The same by-law bans powerful chemical fertilisers which, among other things, lead to excessive levels of phosphorus entering the lake and provoking blue-green algae blooms. Non-organic agriculture is an important part of this problem and Christmas tree production is probably the worst offender, using a panoply of products to grow the “perfect tree”. These activities are unfortunately beyond our control, but we must press for stiffer rules. However, domestic use or misuse of chemical fertilisers add significantly to the chemical load imposed on the lake and here we do have the tools to confront the problem. 

Here are a few words of explanation on the environmental impacts of these chemicals. If we use them in our efforts to achieve the “perfect” lawn or pest-free garden, we are causing much collateral damage. Healthy soil is full of microbial life which helps plants to grow. Organic farmers and gardeners stimulate life in the soil with healthy amendments and use other methods to keep weeds or pests to an acceptable level. In contrast, toxic chemicals destroy these organisms, creating lifeless soil ever more dependent on chemical input. They also kill many of the pollinators that are an essential part of our food chain or destroy the wildflowers on which they depend and they poison larger creatures, including birds and fish.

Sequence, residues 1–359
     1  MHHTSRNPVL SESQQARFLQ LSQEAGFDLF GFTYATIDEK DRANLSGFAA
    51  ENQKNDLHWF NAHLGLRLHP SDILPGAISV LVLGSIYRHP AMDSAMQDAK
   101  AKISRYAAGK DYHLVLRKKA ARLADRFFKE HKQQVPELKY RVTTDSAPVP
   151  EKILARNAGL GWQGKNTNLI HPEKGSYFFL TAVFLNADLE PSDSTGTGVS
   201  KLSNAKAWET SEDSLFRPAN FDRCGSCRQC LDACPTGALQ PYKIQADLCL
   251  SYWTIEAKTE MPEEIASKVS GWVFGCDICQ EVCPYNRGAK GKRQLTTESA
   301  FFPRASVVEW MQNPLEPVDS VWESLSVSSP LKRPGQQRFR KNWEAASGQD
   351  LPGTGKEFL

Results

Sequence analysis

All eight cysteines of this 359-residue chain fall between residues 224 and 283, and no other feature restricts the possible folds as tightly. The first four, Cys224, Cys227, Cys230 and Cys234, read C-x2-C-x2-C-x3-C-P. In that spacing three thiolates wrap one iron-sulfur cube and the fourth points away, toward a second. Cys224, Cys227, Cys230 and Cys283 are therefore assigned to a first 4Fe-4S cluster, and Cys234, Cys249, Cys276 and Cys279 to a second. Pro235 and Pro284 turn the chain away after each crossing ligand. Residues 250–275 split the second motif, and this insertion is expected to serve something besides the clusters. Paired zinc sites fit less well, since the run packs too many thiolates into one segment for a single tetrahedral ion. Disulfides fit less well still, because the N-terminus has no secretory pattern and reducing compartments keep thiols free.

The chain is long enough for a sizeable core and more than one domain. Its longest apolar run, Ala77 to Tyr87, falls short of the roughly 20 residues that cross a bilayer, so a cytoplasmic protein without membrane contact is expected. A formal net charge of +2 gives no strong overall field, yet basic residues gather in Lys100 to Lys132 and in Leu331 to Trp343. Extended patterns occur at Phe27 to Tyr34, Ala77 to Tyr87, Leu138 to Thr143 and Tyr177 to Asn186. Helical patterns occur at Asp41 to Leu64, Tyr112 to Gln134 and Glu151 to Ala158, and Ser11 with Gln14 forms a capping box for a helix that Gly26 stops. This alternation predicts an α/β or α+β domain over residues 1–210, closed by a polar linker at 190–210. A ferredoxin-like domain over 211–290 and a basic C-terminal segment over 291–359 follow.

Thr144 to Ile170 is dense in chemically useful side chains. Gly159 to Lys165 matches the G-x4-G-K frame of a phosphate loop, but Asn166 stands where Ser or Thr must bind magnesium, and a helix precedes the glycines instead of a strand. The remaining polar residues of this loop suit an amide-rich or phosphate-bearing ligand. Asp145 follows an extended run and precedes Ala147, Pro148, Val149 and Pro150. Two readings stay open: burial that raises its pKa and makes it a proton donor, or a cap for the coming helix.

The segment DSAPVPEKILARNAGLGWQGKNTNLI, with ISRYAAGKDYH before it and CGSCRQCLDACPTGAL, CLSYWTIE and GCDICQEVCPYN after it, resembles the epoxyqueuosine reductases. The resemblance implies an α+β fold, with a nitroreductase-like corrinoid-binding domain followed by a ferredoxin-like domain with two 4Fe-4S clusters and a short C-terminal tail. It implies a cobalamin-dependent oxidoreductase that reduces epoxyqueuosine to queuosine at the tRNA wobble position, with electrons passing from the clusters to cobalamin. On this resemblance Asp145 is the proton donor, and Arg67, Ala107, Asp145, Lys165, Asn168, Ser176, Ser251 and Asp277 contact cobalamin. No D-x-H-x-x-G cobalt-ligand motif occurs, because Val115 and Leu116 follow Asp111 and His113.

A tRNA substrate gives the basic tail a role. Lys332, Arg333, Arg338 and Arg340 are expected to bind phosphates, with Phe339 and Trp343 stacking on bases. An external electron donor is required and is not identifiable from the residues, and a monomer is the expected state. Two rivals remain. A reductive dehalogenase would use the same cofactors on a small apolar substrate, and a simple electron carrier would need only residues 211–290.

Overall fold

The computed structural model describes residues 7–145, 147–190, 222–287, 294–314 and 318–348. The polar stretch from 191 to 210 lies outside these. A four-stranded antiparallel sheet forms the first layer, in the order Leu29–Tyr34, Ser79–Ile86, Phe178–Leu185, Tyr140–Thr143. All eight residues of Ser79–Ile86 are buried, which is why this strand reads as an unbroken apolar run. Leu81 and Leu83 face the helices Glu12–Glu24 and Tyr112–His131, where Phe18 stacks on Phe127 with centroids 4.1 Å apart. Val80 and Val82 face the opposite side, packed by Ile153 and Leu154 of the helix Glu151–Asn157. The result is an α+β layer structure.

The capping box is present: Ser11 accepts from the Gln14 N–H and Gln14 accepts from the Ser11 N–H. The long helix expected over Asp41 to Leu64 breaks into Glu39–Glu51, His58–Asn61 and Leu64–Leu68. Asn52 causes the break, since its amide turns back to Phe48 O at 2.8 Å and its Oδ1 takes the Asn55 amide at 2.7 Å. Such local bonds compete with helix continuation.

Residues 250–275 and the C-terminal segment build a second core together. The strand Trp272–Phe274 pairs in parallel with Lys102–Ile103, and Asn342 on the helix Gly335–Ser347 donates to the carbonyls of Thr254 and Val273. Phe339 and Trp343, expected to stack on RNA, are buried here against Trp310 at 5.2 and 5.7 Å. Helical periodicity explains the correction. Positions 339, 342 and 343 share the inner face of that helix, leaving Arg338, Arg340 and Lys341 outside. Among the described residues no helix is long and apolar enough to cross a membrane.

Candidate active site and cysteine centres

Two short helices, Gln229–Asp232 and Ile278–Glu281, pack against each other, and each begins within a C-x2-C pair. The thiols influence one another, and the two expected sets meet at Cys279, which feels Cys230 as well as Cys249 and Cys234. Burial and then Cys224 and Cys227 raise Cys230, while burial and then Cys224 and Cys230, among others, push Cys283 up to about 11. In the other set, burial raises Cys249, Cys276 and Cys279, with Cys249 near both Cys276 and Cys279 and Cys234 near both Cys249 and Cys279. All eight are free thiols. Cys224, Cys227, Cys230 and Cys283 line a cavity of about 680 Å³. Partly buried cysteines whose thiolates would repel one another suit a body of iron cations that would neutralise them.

It is high time that the Village takes steps to remind citizens of these rules through information bulletins explaining the negative consequences of using chemicals on our properties and promoting ecological alternatives. 

Another bylaw targeting the health of the lake and river is the requirement to maintain or promote a wide vegetative strip along all waterfront properties, with a narrow opening permitted to reach the water’s edge. This buffer zone contributes to the health of the lake in several ways. One important role is to absorb and prevent harmful run-off, from properties and roads, from reaching the water. Too many lakeside property owners in North Hatley disregard this by-law and mow their lawns right to the water’s edge. It’s worth noting that Ayer’s Cliff undertook a detailed survey of waterfront properties in 2022 in a step toward ensuring compliance with this measure

The Village should encourage compliance with these bylaws in several ways, first of all by explaining to the public the purpose of these laws and proposing ways to conform. Other ways include drawing up a list of approved ecological lawn-care companies and, as in past years, offering appropriate small trees and bushes for vegetating the riparian strip (the waterfront buffer zone). Stiffer measures would need to be applied eventually to property owners who remain non-compliant after reasonable time limits.